Tuesday, January 18, 2011

Winter 2010-11 Mid-Season Temperature Review

January 14th (last Friday) was the midpoint of meteorological winter (December-February). Following the coldest month of 2010 in December (4.9° below average), Washington temperatures have been considerably milder relative to seasonal normals in the first half of January, averaging 0.7° below the climatological mean. If temperatures continue for the rest of the winter at the current average of 3.4° below climatology, this will be the coldest winter since 2003, which was 3.5° colder than the long-term mean. Including this year, the 12 winters of this century so far have averaged 0.3° warmer than climatology.

On a wider scale, Washington is on the northern edge of an area of colder than average winter temperatures extending westward to the Ohio Valley and southward through the southeastern states. Some small areas in Georgia and the Carolinas have been as much as 6°C colder than average. Nearly all of the rest of the U.S. has been within +-2°C of average, with above average temperatures in most of the western half of the country.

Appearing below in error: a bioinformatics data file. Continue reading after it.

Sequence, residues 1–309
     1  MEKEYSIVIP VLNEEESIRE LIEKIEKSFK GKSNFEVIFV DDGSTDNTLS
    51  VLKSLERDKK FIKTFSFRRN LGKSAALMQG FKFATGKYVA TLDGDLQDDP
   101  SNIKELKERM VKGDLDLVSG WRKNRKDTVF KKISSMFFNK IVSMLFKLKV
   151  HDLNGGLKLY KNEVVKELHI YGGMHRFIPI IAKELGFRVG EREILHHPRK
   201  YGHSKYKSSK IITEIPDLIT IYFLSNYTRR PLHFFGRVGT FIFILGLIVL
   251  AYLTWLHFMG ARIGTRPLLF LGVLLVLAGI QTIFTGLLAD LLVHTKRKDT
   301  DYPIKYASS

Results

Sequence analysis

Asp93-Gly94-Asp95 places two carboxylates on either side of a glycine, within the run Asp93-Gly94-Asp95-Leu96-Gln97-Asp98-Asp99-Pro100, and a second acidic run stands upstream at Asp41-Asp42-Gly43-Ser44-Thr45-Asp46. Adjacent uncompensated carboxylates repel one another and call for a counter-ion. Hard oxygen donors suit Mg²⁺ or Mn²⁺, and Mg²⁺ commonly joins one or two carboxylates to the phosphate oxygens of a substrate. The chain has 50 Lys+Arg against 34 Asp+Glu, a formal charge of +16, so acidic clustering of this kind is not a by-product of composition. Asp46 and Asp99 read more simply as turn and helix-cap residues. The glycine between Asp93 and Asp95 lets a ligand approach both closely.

In the rest of North America, however, much warmer than average temperatures have predominated over northern and eastern Canada. A large area of temperatures at least 14°C above average extends from Hudson Bay to Greenland. (Note that the polar stereographic projection of the map preserves geographic sizes between latitudes.) For more details on the record warm Canadian temperatures, see the article from the National Center for Atmospheric Research:
Cold comfort: Canada's record-smashing mildness

The North American 2010-2011 winter temperature has been controlled by a persistent atmospheric circulation pattern which features very strong high pressure over eastern Canada and Greenland, coupled with low pressure from the eastern U.S. eastward across the central Atlantic. The height of the 500 mb surface (roughly the middle of the atmosphere) has been over 250 meters above normal through the first half of the winter over a large area from Baffin Island (north of Hudson Bay) to southern Greenland. On the other hand, heights from the Virginia/North Carolina coast eastward into the Atlantic have been as much as 150 meters below average.

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